One time I exasperatedly said something like, “That’s it?” And Wenona responded that as soon as the head is free, the rest will follow quickly! Even though I was aware of this prior to labor, the reminder was absolutely necessary right then. It gave me the drive and the will to keep going... we really were SO close! My baby was almost with us!! How exciting and beautiful!!
Every time I pushed, my head went light from holding my breath, but it also felt good, in a really odd way. Where the baby was didn’t feel as good. Let’s be honest.
Mattie instructed Jim in all of the things he needed to do, where to put his hands, etc. He was so grateful to her for her guidance and trust throughout this time.
I was gaining motivation and drive because they were all encouraging me and talking about how close the baby was and I could tell that he was almost there. Truly incredible and wonderful, though unbelievable difficult and hard.
Just as Wenona said, as soon as his head cleared, the rest of his body slid straight out! I will never forget the feeling of him slipping out. Amazing.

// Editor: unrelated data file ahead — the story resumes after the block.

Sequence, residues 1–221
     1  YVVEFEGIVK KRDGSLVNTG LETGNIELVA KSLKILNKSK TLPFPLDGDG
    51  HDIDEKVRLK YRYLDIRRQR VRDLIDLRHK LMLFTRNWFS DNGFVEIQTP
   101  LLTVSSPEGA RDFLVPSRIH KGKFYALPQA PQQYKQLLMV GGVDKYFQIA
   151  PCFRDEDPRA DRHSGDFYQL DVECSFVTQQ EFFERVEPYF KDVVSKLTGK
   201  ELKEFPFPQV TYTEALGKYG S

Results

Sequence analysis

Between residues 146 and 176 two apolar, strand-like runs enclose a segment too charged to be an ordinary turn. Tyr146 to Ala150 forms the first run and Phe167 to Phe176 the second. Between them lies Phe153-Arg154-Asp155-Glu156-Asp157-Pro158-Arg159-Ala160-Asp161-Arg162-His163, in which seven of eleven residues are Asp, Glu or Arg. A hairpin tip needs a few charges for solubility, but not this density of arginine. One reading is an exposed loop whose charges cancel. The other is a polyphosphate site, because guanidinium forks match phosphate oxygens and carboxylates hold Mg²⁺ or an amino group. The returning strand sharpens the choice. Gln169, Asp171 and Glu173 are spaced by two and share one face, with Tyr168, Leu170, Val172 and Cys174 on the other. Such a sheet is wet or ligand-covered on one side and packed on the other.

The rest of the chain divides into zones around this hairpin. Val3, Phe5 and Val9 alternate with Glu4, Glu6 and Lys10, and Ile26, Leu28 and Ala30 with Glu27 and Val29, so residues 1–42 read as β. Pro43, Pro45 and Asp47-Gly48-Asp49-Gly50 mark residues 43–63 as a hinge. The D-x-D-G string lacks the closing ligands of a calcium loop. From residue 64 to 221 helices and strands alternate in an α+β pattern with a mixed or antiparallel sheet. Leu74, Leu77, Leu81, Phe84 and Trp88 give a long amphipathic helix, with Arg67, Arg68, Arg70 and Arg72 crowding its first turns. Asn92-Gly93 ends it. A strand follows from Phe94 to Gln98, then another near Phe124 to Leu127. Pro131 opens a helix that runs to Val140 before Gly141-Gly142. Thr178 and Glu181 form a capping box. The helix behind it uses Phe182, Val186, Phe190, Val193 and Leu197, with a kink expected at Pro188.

Jim caught our baby as it came into this world!! Jim lifted him up to bring him to my chest and the baby landed low on my hip because his feet were still inside of me! Our baby was much longer than Mattie or Jim were expecting as they pulled him out! After a second try, our baby was delivered up to me.
We had agreed that Jim would be the one to announce our baby’s gender. I took him from Jim by placing my hand behind his neck and down in his groin area, and immediately learned on my own that our baby was a boy!! I said, “It’s a boy!!” And announced his name to everyone in the room.
Ian Forrester Barlow was very alert from the very beginning. He peed on me almost immediately and was crying. But it was the sweetest cry we’d ever heard. Jim came up and sat next to us, one arm on each of us. I will never forget the beam on his face. The warmth and the love in his eyes. Our first time together as a family.